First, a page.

In this metric, we consider how quickly you can get water from the source to a filtered state. To test this, we noted if water filtration is instantaneous. If not, we performed three separate time trials and averaged them to determine an average time to filter one liter. The fastest times did best in this metric.
The most immediate backpacking water filter systems are the straw filters that you can drink through immediately from a water source. The Aquamira Frontier Max and Lifestraw Flex are a few of our favorites. Water flow is typically slower but very much based on the construction of the input, filter body, and straw or bite value. For example, the Lifestraw Flex and Aquamira Frontier Max have comparable flow rates, not requiring as much effort as the laborious Lifestraw Personal Straw.
These backpacking water filters use a collapsible bottle or pouch, offering a little water storage. The Sawyer products all demonstrate this adaptability, but our favorite is the Katadyn BeFree for its fast flow bite valve that delivers water quickly. This makes it a favorite among trail runners because water collection takes no time, and treatment is instantaneous.
Of all the Sawyer products, the Sawyer Squeeze offers the best flow rate. It can filter a liter of water in just 40 seconds when in squeeze mode. The Mini, the smallest of the group, takes 2 minutes to filter a liter of water, with the Micro somewhere in between. If you like the Squeeze products and want one with an awesome flow rate, the Sawyer Squeeze is the way to go.Pump Filters
We pumped over 40L of water, timed it, just to see how many strokes each took, and which were the fastest. The hands-down winner in this category is the MSR Hyperflow (27 seconds, 29 strokes per liter). It pumps out hoards of water super quickly. However, this model was also the quickest to slow down, reducing its flow rate significantly as the liters added up. The MSR Guardian Purifier placed in second, filtering a liter in 37 seconds, and maintaining performance in even the murkiest of water. The other pumps followed as such — the Katadyn Hiker Microfilter (42 seconds, 52 strokes), then the Katadyn Hiker Pro (53 seconds per liter), and lastly, the MSR MiniWorks EX (80 seconds, 90 strokes per liter).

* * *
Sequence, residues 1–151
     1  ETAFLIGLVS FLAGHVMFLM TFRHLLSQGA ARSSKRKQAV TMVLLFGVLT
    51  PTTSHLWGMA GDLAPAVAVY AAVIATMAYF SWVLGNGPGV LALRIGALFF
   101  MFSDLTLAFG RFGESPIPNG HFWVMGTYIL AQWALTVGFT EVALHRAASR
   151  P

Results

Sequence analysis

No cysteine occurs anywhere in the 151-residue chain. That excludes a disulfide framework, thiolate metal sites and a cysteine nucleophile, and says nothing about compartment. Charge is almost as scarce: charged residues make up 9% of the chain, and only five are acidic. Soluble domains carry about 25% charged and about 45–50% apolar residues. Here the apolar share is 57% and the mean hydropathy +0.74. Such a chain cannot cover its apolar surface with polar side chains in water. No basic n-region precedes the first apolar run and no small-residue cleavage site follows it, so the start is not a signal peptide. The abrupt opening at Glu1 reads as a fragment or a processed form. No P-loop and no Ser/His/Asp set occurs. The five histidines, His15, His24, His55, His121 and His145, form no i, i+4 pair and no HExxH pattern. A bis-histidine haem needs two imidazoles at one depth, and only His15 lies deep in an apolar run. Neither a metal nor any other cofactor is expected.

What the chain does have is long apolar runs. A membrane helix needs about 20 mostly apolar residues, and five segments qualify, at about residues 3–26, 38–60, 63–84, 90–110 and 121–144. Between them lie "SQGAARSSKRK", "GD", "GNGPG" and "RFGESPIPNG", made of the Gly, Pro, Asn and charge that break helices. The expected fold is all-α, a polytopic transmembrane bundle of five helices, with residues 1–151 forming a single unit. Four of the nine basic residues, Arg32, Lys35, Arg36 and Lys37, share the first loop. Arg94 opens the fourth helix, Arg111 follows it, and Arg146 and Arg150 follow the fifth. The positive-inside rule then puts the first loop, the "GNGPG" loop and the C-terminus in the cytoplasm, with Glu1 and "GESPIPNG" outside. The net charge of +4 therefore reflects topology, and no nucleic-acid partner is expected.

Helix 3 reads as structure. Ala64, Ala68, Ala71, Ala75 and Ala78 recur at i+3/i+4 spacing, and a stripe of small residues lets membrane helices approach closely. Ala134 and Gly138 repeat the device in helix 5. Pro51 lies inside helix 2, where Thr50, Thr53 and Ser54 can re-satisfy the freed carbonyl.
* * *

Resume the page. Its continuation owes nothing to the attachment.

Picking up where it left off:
The Katadyn products and the MSR Guardian offered the most consistent performance overall, with these working best in Turbid conditions. The MSR Hyperflow and MiniWorks EX needed cleaning almost every 4L in these tests. In our sludge tests, all the pump filters needed to be cleaned out every liter, except the MSR Guardian.Gravity Filters
Comparable in the flow rate, gravity filters are nice because you conveniently don't have to pump or do anything once they are set up. They can process large quantities of water, making them highly useful for small to large groups. All of the gravity filters are super close in treatment time.
The Platypus Gravity System is the fastest, filtering one liter in 52 seconds. The Katadyn Gravity Camp filters one liter in 64 seconds. The MSR Base Camp is close behind at 69 seconds. Lastly, the MSR AutoFlow XL took just around 2 minutes per liter, making it the slowest gravity filter tested. While gravity filters are inherently rad because there's so little work involved, there are some stark differences in performance. Please note that these flow rates will decrease with murkier or turbid water, and if the filters are not properly maintained. Also, note that if you aren't rushing, the difference in passively waiting one or two minutes for a liter of water to be filled often isn't a big deal.
Weight and Packability
Weight and packability are essential. If you're carrying less weight, long hikes can be more enjoyable. To assess this metric, we weigh each system and look at its relative profile. We tested them with hydration vests, backpacking backpacks, and regular packs. Generally, products that were lighter and easier to pack scored better than bulkier options.
Of all the treatments out there, chemical treatments are by far the lightest. If you're planning a long thru-hike or huge trail run, they're a great choice. Of the treatments, the MSR Aquatabs and Potable Aqua Drinking Water Germicidal Tablets can simply be put into a little baggy, without requiring you to carry the whole bottle. This helps to eliminate weight. The only downside is that both of these result in a chemical taste in the water (for most people). The Aquamira Treatment Drops can't be parsed out like the tablets, but some prefer them because they don't taste as bad as the tablet options.
The lightest filtration systems out there are on-the-go systems like the collapsable Katadyn BeFree and Lifestraw Personal Filter. The lightest purifying on-the-go filter system is the Aquamira Frontier Max. Of the gravity filters, the Platypus Gravityworks is the lightest and most packable (11.5 oz). If you prefer a hand pump system, the lightest systems are the MSR Hyperflow (10.6 oz) and the Katadyn Hiker Pro (13.2 oz).
Ease of Setup
We measured ease of setup based on how intuitive backpacking water filters are and how many steps each one requires to set up. We also consider how easy it is to access different water sources.
The easiest setups are the ones that require little thought and easy access. The best score models have no parts to carry around or steps to follow. On-the-go systems prove to be the easiest here. The basic Lifestraw is the best for this. Unlike other more complex on-the-go systems, this filter requires you to find a puddle or accessible water source and simply drink.